One thing that’s struck me over the years is listening to the number of athletes who talk about how they don’t love playing the game. For them it’s a job, not a vocation, and quite often a painful job at that. I guess I can understand that – we’ve turned sports into such a year-round, full-time, big-money profession (most pros used to have jobs in the off-season to make ends meet, like selling insurance) that there’s really no reason why an athlete would feel any different about his job than anyone else.
This weekend Judie asked me if I though racing drivers felt the same way as other athletes. I thought about it for awhile and decided that, if anyone in sports really loved what they did, it would probably be racing drivers. They’ve grown up with cars from an early age, worked on them mechanically as well as driven them, and are subject to fewer external micromanagement than, say, a football player. Plus they’ve always been an eccentric lot; back in the day when auto racing was much, much more dangerous, most drivers took it for granted that they would eventually die on the track. So maybe “love” is a strong word; perhaps it would be more accurate to say that being a racing driver is not only what they do, but who they are.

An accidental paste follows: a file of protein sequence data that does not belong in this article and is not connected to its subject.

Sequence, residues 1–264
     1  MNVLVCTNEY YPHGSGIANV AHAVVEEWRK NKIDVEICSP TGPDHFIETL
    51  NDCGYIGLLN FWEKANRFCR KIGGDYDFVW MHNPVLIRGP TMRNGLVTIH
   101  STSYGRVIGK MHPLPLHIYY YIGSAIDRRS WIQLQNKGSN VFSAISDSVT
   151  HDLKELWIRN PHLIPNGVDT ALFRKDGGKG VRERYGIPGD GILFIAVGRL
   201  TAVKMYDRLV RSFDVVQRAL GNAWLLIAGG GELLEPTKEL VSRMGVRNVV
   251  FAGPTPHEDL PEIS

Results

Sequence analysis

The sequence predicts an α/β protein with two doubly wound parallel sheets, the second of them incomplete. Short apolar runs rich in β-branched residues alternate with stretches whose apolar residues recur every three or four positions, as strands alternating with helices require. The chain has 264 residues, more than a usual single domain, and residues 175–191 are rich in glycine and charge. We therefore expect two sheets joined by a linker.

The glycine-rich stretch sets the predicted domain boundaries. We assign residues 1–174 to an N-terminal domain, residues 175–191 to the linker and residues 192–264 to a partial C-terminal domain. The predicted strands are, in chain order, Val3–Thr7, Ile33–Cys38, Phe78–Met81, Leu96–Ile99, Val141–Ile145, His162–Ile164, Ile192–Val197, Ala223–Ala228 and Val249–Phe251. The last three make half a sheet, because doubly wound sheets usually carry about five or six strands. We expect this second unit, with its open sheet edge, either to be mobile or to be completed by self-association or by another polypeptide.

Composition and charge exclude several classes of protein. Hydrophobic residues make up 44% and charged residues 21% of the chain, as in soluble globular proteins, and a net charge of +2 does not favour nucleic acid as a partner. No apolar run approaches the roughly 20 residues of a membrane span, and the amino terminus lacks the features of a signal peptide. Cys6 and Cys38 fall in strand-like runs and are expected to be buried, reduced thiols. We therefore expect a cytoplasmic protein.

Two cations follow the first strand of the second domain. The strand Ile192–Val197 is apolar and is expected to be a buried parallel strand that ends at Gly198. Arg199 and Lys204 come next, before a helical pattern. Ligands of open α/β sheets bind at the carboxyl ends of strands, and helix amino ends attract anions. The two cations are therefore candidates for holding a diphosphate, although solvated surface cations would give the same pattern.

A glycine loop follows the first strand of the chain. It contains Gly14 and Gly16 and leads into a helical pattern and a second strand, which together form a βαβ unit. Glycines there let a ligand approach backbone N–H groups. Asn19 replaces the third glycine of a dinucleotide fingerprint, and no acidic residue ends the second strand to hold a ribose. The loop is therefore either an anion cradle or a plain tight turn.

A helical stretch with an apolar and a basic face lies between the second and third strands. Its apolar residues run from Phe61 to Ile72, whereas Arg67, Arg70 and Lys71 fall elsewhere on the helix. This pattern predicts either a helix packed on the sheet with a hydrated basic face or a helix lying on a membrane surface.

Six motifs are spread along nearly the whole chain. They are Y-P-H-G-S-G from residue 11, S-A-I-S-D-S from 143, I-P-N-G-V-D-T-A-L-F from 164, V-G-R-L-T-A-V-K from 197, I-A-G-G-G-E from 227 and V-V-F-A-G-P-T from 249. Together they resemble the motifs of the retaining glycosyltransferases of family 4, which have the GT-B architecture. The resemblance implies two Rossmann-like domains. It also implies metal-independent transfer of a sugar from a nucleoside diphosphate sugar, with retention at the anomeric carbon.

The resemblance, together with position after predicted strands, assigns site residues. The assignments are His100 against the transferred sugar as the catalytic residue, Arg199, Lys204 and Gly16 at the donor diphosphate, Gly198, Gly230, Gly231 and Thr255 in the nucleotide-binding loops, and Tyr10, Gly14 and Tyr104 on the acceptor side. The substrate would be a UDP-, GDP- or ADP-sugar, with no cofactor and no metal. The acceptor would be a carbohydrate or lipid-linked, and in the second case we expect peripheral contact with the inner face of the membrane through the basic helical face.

And musicians? Well, there’s an area where I thought there would be some love. We always hear about the spiritual powers of music, especially classical music. But apparently that ain’t so either, as Alex Ross points out in this quote from the February Opera News interview with conductor Riccardo Muti:
I am very astonished when some of my colleagues—pianists or conductors or violinists—are asked, “What do you feel on the podium?” or “What do you feel when you play?” And they answer, “An enormous joy.” For me, all my life, it’s been an enormous pain—I’m never happy about what I do.
Fascinating. Muti’s comment suggests that he looks at himself as an aberration within the music world. But, sadly, it sounds more like he's just another working stiff trying to get along.